Stock prices move following the Law of Simple Harmonic Motion. What does this law require stock prices to do? It requires that they move faster in the middle of a price movement rather than at the beginning or end of a price movement.
The Law of Simple Harmonic Motion can be seen when a child swings on a swingset. The child moves faster at the bottom of the swinging motion than on either end of the swinging motion. The same goes for stock prices.
The pendulum in a grandfather clock does the same thing. It stands still at either end of its motion but moves rapidly through the middle of its motion.
So do stock prices.
Many things in nature follow this law. The brightest time of day is the middle of the day, noon. The darkest time of night is the middle of the night, midnight. Both darkness and light peak in the middle part of their respective cycles.
Stock prices follow this law too. A stock that is just starting to rise will start out slowly and then picks up speed towards the middle of the rise. As the price rise approaches its end, the price rise slows down.
You can use the Law of Simple Harmonic Motion if you want to. How? Be sure not to insist on buying a stock at it bottom-most price or selling it at its top-most price. If you can do so, ok. However, be aware that these 2 price points are where stock prices move the slowest.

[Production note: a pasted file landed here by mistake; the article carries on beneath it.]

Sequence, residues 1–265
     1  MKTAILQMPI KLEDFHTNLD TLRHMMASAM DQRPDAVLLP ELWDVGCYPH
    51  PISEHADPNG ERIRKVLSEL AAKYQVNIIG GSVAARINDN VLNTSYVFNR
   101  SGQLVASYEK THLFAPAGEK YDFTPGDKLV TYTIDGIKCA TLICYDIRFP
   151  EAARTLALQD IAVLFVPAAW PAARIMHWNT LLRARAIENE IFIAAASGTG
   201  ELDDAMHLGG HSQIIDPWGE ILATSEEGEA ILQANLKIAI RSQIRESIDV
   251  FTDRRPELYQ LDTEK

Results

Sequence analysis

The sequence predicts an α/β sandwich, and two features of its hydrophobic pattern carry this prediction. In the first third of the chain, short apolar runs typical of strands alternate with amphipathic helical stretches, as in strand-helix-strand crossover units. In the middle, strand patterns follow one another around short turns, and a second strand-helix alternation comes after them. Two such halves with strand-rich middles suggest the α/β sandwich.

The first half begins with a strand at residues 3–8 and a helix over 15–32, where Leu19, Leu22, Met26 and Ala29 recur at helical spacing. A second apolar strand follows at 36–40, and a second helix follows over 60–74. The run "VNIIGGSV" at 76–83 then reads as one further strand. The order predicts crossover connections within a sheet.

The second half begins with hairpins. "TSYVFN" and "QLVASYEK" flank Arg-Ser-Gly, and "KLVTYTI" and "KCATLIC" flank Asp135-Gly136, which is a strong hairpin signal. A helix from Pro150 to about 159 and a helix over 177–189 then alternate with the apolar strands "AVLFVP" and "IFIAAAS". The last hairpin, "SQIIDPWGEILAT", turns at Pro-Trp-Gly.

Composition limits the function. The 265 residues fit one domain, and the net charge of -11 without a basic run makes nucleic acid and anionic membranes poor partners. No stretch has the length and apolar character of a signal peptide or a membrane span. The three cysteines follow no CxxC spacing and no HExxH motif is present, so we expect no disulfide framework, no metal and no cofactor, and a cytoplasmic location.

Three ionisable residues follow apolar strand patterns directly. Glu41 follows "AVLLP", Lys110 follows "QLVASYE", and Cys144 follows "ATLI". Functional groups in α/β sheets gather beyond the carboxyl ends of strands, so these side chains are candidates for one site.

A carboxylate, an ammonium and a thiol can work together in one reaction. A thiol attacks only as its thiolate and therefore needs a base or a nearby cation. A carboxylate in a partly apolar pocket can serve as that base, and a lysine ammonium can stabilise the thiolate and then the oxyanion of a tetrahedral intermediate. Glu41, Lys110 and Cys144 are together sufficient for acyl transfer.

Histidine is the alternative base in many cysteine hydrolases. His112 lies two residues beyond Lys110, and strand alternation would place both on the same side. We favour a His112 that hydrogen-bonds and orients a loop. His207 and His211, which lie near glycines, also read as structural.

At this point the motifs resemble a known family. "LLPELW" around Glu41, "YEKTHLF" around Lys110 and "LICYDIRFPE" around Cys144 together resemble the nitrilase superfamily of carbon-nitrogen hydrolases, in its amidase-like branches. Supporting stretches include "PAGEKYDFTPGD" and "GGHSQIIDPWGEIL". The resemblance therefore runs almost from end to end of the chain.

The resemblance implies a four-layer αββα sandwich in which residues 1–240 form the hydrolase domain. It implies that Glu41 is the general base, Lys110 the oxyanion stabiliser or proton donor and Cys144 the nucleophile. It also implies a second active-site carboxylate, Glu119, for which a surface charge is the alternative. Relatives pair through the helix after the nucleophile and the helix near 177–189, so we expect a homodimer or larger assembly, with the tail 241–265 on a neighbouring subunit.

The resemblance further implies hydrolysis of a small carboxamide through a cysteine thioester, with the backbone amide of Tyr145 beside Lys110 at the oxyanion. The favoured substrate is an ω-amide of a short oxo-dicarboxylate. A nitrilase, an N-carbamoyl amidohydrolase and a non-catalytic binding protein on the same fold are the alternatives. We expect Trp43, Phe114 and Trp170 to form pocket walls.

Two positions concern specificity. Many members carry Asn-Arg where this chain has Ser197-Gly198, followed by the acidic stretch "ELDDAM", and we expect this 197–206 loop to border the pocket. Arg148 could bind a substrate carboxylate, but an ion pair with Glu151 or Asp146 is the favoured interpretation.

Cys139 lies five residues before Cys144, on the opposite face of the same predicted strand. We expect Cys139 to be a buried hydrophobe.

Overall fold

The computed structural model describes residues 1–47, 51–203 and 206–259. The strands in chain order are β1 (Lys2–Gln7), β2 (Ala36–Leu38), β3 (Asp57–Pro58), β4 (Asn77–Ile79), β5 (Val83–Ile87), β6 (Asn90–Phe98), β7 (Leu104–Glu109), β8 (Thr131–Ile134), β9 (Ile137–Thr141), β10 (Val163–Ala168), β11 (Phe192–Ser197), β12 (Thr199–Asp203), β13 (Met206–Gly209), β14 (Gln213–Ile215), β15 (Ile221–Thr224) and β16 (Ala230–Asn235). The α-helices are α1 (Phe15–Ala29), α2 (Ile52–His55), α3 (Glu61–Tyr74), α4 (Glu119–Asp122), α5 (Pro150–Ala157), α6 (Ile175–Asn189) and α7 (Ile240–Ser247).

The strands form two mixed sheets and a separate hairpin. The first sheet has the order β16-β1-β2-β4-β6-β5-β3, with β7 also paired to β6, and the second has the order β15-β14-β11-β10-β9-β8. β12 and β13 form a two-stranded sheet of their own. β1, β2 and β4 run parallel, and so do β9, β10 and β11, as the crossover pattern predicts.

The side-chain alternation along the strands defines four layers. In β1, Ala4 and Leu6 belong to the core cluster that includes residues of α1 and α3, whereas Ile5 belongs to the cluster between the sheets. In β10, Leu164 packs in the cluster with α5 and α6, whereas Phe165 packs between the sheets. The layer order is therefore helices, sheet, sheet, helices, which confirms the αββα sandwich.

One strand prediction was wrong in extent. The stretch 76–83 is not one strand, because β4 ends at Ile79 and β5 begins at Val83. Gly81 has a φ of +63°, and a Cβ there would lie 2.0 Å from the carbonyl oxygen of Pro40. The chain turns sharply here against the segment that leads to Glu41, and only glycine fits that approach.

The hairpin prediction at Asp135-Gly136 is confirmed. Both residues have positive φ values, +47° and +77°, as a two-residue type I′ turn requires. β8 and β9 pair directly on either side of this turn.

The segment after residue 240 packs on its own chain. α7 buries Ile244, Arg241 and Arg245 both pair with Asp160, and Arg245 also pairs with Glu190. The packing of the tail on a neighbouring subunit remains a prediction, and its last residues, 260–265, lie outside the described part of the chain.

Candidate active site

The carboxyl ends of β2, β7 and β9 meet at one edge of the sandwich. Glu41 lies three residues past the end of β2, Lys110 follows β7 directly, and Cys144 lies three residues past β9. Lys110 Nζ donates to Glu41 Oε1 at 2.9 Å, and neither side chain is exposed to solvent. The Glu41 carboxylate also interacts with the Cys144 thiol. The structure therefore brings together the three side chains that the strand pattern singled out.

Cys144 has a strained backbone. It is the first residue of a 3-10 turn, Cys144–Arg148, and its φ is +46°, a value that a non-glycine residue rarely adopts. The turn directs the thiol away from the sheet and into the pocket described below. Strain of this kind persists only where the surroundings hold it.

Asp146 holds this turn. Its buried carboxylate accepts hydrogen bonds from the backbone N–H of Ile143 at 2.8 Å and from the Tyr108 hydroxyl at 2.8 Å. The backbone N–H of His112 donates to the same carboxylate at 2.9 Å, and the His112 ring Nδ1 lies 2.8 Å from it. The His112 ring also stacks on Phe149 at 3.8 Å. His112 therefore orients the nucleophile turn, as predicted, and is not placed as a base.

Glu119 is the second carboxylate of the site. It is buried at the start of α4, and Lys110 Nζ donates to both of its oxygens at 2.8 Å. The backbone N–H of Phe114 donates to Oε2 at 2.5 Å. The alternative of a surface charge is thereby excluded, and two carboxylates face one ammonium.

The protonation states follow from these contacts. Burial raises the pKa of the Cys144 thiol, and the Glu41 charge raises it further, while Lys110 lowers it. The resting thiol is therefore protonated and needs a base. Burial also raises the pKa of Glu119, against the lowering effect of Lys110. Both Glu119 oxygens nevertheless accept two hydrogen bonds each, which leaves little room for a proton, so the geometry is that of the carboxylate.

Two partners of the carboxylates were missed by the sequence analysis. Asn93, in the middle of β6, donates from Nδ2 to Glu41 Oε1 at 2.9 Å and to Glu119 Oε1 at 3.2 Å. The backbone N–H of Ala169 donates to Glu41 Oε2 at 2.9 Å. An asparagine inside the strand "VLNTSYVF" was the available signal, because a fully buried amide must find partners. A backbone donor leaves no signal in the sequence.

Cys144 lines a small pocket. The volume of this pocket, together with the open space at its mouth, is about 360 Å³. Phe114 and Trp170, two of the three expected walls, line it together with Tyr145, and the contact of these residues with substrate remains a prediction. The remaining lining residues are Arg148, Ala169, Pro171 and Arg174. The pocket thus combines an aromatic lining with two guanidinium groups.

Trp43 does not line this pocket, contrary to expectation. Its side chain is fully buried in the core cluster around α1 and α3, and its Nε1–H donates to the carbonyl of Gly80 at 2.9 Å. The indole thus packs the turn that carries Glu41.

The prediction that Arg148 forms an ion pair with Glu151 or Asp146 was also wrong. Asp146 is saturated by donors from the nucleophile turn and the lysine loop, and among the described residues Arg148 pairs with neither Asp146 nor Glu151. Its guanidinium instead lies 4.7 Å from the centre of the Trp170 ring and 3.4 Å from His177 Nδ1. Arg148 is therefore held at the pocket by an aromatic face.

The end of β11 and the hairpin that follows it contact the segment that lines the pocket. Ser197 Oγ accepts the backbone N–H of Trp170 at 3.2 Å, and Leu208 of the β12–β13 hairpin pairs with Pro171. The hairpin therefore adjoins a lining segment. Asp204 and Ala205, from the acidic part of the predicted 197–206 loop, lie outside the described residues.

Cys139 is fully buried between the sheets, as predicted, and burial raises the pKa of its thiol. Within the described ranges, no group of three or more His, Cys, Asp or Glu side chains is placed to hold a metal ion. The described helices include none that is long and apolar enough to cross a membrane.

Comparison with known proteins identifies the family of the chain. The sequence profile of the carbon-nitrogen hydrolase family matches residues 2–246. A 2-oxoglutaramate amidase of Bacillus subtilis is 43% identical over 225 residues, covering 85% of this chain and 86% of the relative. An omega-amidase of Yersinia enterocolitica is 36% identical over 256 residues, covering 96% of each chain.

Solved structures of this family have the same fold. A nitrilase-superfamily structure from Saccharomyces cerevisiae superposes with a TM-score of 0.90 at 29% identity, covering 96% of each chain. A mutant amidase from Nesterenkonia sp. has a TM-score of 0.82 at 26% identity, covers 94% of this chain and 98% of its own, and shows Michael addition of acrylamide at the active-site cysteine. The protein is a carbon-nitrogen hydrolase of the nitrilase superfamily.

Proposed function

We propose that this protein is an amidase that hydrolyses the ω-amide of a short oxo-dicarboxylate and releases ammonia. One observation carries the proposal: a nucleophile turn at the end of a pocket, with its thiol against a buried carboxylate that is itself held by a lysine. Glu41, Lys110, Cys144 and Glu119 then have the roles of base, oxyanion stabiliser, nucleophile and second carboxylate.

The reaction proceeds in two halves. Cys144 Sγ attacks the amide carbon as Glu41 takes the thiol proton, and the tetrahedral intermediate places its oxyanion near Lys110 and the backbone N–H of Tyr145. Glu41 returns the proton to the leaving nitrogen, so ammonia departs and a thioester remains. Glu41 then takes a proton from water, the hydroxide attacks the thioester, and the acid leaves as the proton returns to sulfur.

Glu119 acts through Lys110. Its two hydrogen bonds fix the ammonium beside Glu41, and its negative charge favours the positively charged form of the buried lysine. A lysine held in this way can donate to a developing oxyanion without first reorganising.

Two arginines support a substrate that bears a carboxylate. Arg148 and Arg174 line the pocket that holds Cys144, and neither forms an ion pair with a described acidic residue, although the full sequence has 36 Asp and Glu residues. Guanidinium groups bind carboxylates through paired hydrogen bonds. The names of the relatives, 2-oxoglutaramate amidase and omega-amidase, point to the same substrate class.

It's better to be content and not get greedy and try not to buy the the stock at its lowest price or try to sell the stock at it highest price. If you will do this, you will enjoy much more favorable price action.
The key to making the Law of Simple Harmonic Motion work in your favor is to remember this: Don't seek out the beginning of a price movement or the end of a price movement. Instead, go for the middle part of the ride which is the best part of the ride.
As any amusement-park ride operator will tell you, the ride slows down at the beginning and end of the ride so people can get on and off.
©Edward Abbott 2004